for one full month, I stayed in Jakarta and took CELTA course, a course designed to push people to their limits and asked themselves why did they say yes to this torture – and worse, paid for it. There were 8 of us, came from different backgrounds and were strangers on Day Zero (yes, they do have a ‘day zero). Almost everyday you were put in a state that you weren’t comfortable with. A failed paper that drove me to the edge, Teaching Practices that drove almost everybody crazy, Input Sessions where they gave you brain-food even when your brain was full, pulled an all-nighter almost everyday in our last weeks. All that didn’t include the fact how hard it was to work side by side, to be a team, with someone you didn’t know of.
In that month, I learned so many things. Things that went beyond textbooks and classrooms. I met my nightmares and had to sit face to face with it. I was forced to deal with it because there was just no other ways out. It was horrible. I was afraid and I wasn’t that easily scared, academically speaking.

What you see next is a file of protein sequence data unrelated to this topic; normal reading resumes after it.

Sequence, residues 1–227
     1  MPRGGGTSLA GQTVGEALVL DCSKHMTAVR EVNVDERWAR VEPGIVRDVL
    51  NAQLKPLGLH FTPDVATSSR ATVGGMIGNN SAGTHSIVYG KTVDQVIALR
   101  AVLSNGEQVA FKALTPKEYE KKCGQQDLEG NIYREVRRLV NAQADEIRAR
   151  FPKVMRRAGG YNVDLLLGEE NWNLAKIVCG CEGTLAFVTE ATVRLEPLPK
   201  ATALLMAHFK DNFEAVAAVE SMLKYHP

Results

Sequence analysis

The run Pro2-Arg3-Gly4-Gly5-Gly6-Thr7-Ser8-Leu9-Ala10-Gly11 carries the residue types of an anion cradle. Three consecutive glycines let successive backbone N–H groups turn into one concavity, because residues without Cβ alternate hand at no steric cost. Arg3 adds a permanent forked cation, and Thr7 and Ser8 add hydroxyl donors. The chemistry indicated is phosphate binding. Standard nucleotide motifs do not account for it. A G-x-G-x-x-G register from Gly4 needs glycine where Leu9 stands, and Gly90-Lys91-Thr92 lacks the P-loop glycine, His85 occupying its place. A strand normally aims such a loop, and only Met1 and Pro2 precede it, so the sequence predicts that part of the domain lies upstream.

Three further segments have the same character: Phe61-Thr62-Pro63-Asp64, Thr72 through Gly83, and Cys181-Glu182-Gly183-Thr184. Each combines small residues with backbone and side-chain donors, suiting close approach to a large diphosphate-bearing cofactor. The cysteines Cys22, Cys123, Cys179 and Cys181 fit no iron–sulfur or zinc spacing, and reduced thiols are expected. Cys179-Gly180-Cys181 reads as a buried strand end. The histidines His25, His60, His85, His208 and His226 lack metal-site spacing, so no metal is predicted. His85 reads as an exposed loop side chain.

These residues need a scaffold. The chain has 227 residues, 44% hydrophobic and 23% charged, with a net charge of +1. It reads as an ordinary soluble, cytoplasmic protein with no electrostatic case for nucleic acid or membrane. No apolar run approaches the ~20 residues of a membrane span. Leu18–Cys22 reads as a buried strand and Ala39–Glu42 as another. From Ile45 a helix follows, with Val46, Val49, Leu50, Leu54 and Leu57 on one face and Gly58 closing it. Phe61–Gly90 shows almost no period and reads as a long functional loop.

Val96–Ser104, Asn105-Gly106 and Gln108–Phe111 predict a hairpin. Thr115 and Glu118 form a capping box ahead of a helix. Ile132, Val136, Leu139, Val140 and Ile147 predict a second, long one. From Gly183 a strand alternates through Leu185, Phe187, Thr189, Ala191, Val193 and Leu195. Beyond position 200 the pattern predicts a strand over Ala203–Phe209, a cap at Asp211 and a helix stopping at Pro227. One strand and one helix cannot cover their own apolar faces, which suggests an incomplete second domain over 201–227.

8 of us came from different background, most of us already had our masters, one had a phd, everybody had experience in teaching, there were 3 Indonesians, but I was the only one who had Indonesian as their first language, the other two had Dutch and Singapore-English/Indonesian. Only one person spoke one language, that was Jodie who speaks English, most of us speak 2 to 5 languages. There’s a guy who worked for UN, another who had theology for his master degree, an international piano teacher, and a principal for a language school. They were smart people.
What happened when smart people were put together and were forced to work together and studied a subject that was an alien to them?
Before they could succeeded in this course, their biggest obstacles was their ego, and please count me in. That month was a slap in the face for each of us. The phd guy said it was harder than phd, the international piano teacher said she was never been this tired her whole life, and my friend Jodie considered that hit by a bus had a better prospect than walked into the center building.
I think at that time, everybody was facing their own enemy. It wasn’t graded nor had a textbook with it.
Stepping out of that course, I was a bit traumatized. It wasn’t a life-changing moment, but more like a slap to wake me up.
There are so many things I have to learn, so many frontiers I have to break, so many nightmares I have to face. It feels that my journey doesn’t end there. It feels that it has just begun.
A month was stolen from my life, in return, I had a lesson I’ll never forget.